Wickremesinghe sworn in as new Lanka PM amid historic deal

Wickremesinghe sworn in as new Lanka PM amid historic deal
Ranil Wickremesinghe was sworn in today as Sri Lanka's prime minister as President Maithripala Sirisena's party, in a historic deal, backed his national unity government which pledged to introduce a new constitution for ethnic harmony in an attempt to reach out to minorities, including Tamils.

66-year-old Wickremesinghe took the oath of office for the fourth time at the Presidential Secretariat this morning in the presence of Sirisena following which the premier's United National Party (UNP) and the president's Sri Lanka Freedom Party (SLFP) signed a power-sharing deal.

This is the first time Sri Lanka's history that two rival political parties have joined hands to govern the country still grappling with challenges in the aftermath of the three- decade-long civil war with the LTTE.

Wickremesinghe's victory in Monday's parliamentary polls thwarted a political comeback by Lanka's former strongman Mahinda Rajapaksa amid a surge in popularity for his reform- driven mandate.

The Memorandum of Understanding (MoU), that was immediately after Wickremesinghe's induction in office, has proposed to set up a constitutional assembly to draw up a new constitution that will ensure ethnic harmony and reconciliation with safeguards on human rights.

The new premier has struck a conciliatory note appealing to all political parties to work together to heal the divisions of the past as he began piecing together the new government with possible support from minority Tamils.

His UNP won 106 seats in Monday's parliamentary election, just 7 short of a simple majority in the 225-member assembly but enough to form a government.
The SLFP had yesterday decided to join the national government with the UNP for two years.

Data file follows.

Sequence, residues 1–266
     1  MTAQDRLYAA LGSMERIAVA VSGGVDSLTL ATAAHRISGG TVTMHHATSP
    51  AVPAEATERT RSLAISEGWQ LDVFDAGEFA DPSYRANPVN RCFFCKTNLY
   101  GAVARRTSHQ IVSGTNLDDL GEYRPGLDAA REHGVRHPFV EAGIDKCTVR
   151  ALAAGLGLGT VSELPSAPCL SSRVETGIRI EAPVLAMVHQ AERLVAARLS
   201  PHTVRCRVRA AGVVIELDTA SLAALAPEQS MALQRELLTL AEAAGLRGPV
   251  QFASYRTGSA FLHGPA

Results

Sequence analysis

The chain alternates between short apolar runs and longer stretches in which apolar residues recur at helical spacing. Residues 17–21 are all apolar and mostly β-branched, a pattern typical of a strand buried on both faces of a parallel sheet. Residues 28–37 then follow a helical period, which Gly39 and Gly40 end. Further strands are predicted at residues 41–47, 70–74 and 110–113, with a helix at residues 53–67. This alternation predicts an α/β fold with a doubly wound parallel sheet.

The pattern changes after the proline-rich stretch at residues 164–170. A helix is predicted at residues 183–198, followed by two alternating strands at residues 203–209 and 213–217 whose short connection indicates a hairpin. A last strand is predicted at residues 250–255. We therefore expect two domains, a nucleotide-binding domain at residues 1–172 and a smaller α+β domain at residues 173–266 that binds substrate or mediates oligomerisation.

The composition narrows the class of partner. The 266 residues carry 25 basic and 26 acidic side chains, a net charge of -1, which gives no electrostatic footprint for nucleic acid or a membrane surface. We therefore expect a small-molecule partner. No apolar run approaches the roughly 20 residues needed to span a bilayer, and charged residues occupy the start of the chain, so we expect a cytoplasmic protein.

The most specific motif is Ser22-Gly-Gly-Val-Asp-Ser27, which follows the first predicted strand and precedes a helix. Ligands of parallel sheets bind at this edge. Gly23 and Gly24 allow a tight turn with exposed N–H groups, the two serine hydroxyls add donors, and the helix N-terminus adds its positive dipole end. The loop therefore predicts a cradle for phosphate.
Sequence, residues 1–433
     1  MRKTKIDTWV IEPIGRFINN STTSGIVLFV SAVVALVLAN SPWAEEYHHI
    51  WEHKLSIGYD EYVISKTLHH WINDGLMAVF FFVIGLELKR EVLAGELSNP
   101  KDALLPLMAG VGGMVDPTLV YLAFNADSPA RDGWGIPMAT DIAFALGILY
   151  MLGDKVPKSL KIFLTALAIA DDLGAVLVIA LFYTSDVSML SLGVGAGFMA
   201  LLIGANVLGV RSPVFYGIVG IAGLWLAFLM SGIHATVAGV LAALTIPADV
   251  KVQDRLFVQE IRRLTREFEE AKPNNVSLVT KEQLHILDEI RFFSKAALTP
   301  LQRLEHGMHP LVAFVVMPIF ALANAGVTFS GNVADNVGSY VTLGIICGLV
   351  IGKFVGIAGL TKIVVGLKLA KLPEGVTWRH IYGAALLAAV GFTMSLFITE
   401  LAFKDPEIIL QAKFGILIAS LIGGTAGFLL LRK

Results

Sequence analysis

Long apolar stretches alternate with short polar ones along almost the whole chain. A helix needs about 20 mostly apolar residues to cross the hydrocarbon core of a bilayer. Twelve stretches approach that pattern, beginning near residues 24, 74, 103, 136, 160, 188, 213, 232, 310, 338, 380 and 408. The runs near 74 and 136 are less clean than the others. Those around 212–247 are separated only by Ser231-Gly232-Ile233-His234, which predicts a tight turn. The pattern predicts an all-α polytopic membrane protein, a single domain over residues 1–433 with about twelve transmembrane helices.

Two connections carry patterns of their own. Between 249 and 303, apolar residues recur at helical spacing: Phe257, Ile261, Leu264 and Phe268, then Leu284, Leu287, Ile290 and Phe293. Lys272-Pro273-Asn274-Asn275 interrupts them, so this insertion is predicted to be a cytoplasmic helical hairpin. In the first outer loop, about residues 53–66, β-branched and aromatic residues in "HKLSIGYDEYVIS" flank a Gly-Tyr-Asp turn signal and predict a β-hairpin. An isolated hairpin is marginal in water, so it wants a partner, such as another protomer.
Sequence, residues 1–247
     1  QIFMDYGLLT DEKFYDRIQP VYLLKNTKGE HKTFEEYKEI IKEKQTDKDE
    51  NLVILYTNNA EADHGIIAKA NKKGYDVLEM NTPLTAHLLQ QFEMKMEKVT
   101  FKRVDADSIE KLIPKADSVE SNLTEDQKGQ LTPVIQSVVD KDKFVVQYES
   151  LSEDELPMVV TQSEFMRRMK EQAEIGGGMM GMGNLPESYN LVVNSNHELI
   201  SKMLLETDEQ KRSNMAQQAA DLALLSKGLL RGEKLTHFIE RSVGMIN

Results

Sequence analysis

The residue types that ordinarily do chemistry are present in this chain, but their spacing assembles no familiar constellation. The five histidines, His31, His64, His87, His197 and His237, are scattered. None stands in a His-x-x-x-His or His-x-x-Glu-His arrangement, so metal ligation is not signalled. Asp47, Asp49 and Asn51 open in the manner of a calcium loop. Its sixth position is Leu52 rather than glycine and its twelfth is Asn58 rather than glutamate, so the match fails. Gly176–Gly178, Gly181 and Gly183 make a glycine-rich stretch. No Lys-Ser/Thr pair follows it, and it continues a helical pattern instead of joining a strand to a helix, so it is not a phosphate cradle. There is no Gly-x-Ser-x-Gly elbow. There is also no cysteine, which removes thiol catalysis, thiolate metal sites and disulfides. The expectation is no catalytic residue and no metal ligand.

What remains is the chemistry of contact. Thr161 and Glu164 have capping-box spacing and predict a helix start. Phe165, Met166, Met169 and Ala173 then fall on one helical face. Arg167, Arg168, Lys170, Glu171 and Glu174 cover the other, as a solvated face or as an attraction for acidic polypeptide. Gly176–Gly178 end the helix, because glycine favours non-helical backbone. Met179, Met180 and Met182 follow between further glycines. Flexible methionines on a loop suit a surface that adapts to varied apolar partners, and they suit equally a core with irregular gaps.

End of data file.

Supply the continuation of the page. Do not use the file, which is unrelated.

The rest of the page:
The new government said it will also introduce electoral reform to scrap the current proportional representation system of elections. Sri Lanka will adhere to a policy of non-alignment in foreign policy, it said.

The government framework will be based on fundamentals of good governance and respect to rule of law.

The two parties will stop crossovers from either side during the period of the MoU. The SLFP will, thus, provide Wickremesinghe with a working majority.

The two parties have been bitter rivals for decades and such cooperation is unusual in Sri Lankan politics. Today's development also marks a major turnaround for the island that was firmly in the longtime president Rajapaksa's grip until his surprise defeat in the January 8 presidential polls.

Wickremesinghe had contested from the Colombo district and secured his victory polling 500,506 votes, the highest for a candidate in the country's elections history.

He became the prime minister for the fourth time in his political career, having previously held the post from 1993-94, 2002-2004 and since January of this year.

A lawyer by profession, the veteran reformist has set a record of holding an MP position continuously without losing his seat in Parliament for 38 years.

Wickremesinghe, whose reform agenda was stalled due to Mahinda Rajapaksa's loyalists blocking some of his moves, now has teeth to get his way in enforcement of his plans after his victory.

69-year-old Rajapaksa, political rival of both Sirisena and Wickremesinghe, was also present during the ceremony and both Sirisena and Wickremesinghe shook hands with him.

Rajapaksa, whose dreams of securing power shattered, will now sit in the opposition with a dissident group of loyalists.

He was given a party ticket to contest the polls despite opposition from Sirisena but got elected as an MP with a massive personal preference vote of over 4,00,000.

His SLFP earlier opposed any concessions to the Tamils but now appears open to constitutional reforms to address minority rights and achieve reconciliation in the country that still bears the scars of the separatist war.

The minority Tamil National Alliance (TNA) that swept the ethnic Tamil-majority Northern and Eastern provinces with 16 seats has said it will provide outside support to the unity government.

Analysts say Sirisena and Wickremesinghe are set to face major hurdles both at the international and domestic fronts.

The UN Human Rights body is to release its report on Sri Lanka's war crimes accountability next month. The new government will also have to tackle the tricky problem of granting devolution of powers to Tamil regions.

The Tamils, who are opposed to Rajapaksa's Sinhala nationalist rule, had backed Sirisena in large numbers in the presidential election.

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